[This column is in response to a recent article published by several outlets and available at this url: https://wisconsinwatch.org/2021/06/cow-manure-predicted-to-cause-most-sickness-from-contaminated-wells-in-kewaunee-county/]

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Another study about Kewaunee County has popped up dealing with ground water, cows and humans in our community. News stories about the study, which uses data collected in 2016-17, are causing some unfounded concerns about people getting sick, today, from farming practices.

The fact is no farmer wants to cause even one person to become ill, and we go to great lengths to keep that from happening. That commitment won’t change, with or without a study.

As to the most recent study, people deserve a more complete explanation of what it is and is not.

What it is, is fairly technical research using data from well water samples collected in 2016-17. In other words, this is a follow-up analysis of old — not new — data. The study uses that data to make a mathematical model to predict — predict — what the author believes we currently should be experiencing in the way of acute gastrointestinal illness among residents due to manure and human waste. 

What the study is not, is an epidemiological study to determine the actual number of people who get sick here. It is not a study that uses any Kewaunee County public health data. Surprisingly, the Kewaunee County Public Health Department was never even contacted by the study’s authors. If they had checked, the researchers would have learned that the department sees only a handful of such cases each year.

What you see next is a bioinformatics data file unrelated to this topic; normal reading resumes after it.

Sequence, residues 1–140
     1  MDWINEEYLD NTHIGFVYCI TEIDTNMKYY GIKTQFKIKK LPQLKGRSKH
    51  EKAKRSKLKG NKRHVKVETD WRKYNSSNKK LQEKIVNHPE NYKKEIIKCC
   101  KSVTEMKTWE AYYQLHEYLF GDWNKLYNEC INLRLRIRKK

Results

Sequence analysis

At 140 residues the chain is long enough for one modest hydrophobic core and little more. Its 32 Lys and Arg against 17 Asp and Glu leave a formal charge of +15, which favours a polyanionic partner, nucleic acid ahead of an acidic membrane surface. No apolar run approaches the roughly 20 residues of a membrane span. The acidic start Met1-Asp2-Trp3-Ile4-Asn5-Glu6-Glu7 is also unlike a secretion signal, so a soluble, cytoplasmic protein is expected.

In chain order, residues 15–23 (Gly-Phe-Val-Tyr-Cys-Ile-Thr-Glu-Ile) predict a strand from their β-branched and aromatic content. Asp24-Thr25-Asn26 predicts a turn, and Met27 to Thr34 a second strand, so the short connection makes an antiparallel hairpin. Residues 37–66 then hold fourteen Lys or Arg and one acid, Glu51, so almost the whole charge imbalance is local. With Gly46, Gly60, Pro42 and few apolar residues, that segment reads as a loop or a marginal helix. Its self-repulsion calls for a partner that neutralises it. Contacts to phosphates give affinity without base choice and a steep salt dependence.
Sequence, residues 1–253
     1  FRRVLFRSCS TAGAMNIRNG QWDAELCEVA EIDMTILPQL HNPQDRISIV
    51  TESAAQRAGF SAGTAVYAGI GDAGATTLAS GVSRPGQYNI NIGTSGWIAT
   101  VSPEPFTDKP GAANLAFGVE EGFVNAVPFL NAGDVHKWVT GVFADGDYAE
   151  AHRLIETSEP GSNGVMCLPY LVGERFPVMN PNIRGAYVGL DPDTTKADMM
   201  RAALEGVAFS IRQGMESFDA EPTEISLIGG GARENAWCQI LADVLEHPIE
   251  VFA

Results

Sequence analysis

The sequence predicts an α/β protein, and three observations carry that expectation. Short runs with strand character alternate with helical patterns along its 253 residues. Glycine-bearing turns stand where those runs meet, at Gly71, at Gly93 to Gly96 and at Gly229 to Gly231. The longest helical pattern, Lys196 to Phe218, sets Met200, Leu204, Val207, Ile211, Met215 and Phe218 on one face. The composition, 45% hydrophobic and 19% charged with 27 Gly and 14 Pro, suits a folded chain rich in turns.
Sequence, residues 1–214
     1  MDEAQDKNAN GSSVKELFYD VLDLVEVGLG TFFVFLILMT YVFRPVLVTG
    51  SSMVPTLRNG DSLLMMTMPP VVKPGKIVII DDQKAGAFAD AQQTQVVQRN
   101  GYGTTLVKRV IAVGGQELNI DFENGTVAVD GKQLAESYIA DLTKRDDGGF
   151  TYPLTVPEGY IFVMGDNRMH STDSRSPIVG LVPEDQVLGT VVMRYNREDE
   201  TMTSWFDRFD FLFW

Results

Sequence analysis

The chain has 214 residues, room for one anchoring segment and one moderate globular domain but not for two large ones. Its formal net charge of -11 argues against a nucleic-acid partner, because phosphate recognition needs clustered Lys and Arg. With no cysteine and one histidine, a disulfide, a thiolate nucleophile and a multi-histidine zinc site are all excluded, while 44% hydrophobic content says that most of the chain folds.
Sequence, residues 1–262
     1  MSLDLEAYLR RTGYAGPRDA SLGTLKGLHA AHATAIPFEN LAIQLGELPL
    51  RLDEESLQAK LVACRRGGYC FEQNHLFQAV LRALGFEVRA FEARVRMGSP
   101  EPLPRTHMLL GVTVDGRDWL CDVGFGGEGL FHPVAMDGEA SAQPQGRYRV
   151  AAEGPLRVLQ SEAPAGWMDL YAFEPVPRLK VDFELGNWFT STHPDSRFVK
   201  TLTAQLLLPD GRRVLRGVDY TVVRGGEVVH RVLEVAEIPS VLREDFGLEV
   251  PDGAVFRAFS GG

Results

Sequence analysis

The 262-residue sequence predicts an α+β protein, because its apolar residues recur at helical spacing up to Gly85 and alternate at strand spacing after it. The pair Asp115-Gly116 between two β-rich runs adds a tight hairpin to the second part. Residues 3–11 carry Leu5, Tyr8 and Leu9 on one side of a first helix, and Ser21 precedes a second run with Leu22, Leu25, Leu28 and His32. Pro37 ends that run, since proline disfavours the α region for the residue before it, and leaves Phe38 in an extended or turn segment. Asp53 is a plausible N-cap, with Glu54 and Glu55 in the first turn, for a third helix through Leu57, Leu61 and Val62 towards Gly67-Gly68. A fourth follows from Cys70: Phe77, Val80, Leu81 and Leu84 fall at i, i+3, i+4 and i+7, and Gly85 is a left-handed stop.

To put this in simpler terms: If I wanted to know what was for dinner at home tonight, I could either survey all local grocery stores to find out what foodstuffs they have been selling, then make a model to predict what is likely for dinner. Alternatively, I could go home and see what’s on the grill. This study took the first approach. 

So, we find ourselves in a strange situation. We have a mathematical predictive study showing we should have a lot of sick people. But we have a medical community that says we don’t.

There’s another important consideration that the study and the news stories promoting it do not reflect.

A tremendous amount has changed in farming practices and regulations in the years since those well samples were taken. Farmers have proactively joined together in Peninsula Pride Farms to find and implement solutions for improving both ground and surface water quality. By working together, and using science, we vastly increased the adoption of new protective farming practices.

So, data from half a decade ago is simply not a fair measure of current practices. As a farming community, we have made great advances and we are not content to stop now. We remain committed to continuous improvement, and there’s ample evidence of this.

When the water quality data cited in the study was collected, we had 3,864 acres in no-till farming; in 2020 we quadrupled that number to 12,284 acres. In 2016 we had 4,189 acres of cover crops; in 2020 we were up more than fourfold to 18,653 acres. Both of these practices improve soil health. Healthy soil helps filter contaminants out before they can reach ground water.  Our coordinated use of these practices to improve soil health and ground water quality in an entire watershed, with an aim of directly affecting ground water, is unique. 

Since 2016, we also have more than doubled the amount of manure that goes through a methane digester in areas with shallow soils, providing tremendous pathogen reduction to the manure itself before it is applied to fields.

Also, state regulations in our areas have become much stricter. There is no longer any manure being applied by anybody on any fields with less than 2 feet of soil.

On the Door County Peninsula, we are fortunate to have a medical community that is dedicated and professional, county conservation departments that are diligent and involved and a farming community that is focused on healthy soil, cows and neighbors.

We firmly believe that we can have both clean, safe water and a thriving agricultural community.